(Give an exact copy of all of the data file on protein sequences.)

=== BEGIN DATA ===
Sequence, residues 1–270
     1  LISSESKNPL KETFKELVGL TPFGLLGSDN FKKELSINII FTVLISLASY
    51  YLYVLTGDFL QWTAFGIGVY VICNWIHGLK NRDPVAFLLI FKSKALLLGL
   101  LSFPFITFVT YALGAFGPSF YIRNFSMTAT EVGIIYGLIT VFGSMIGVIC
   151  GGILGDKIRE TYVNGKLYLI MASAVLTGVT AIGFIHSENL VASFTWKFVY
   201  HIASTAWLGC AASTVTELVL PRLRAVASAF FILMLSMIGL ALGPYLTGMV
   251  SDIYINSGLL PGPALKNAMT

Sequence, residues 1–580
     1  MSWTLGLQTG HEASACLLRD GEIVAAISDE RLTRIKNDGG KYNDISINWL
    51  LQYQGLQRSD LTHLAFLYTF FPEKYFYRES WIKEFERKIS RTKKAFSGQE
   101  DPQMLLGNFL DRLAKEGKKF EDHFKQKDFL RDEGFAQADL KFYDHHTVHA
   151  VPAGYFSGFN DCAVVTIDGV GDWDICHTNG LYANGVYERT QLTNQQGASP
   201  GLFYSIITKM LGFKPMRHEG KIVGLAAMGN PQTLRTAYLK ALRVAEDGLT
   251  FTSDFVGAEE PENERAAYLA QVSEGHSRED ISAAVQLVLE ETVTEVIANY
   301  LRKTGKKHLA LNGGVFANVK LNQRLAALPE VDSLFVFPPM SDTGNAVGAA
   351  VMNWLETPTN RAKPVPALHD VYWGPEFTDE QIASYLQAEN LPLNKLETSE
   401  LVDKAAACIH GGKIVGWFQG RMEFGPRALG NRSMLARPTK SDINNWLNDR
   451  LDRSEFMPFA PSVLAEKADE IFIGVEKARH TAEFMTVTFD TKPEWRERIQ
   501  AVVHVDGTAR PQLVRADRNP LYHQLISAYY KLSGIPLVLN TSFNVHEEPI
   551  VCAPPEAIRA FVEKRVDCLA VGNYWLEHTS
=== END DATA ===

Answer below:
Sequence, residues 1–270
     1  LISSESKNPL KETFKELVGL TPFGLLGSDN FKKELSINII FTVLISLASY
    51  YLYVLTGDFL QWTAFGIGVY VICNWIHGLK NRDPVAFLLI FKSKALLLGL
   101  LSFPFITFVT YALGAFGPSF YIRNFSMTAT EVGIIYGLIT VFGSMIGVIC
   151  GGILGDKIRE TYVNGKLYLI MASAVLTGVT AIGFIHSENL VASFTWKFVY
   201  HIASTAWLGC AASTVTELVL PRLRAVASAF FILMLSMIGL ALGPYLTGMV
   251  SDIYINSGLL PGPALKNAMT

Sequence, residues 1–580
     1  MSWTLGLQTG HEASACLLRD GEIVAAISDE RLTRIKNDGG KYNDISINWL
    51  LQYQGLQRSD LTHLAFLYTF FPEKYFYRES WIKEFERKIS RTKKAFSGQE
   101  DPQMLLGNFL DRLAKEGKKF EDHFKQKDFL RDEGFAQADL KFYDHHTVHA
   151  VPAGYFSGFN DCAVVTIDGV GDWDICHTNG LYANGVYERT QLTNQQGASP
   201  GLFYSIITKM LGFKPMRHEG KIVGLAAMGN PQTLRTAYLK ALRVAEDGLT
   251  FTSDFVGAEE PENERAAYLA QVSEGHSRED ISAAVQLVLE ETVTEVIANY
   301  LRKTGKKHLA LNGGVFANVK LNQRLAALPE VDSLFVFPPM SDTGNAVGAA
   351  VMNWLETPTN RAKPVPALHD VYWGPEFTDE QIASYLQAEN LPLNKLETSE
   401  LVDKAAACIH GGKIVGWFQG RMEFGPRALG NRSMLARPTK SDINNWLNDR
   451  LDRSEFMPFA PSVLAEKADE IFIGVEKARH TAEFMTVTFD TKPEWRERIQ
   501  AVVHVDGTAR PQLVRADRNP LYHQLISAYY KLSGIPLVLN TSFNVHEEPI
   551  VCAPPEAIRA FVEKRVDCLA VGNYWLEHTS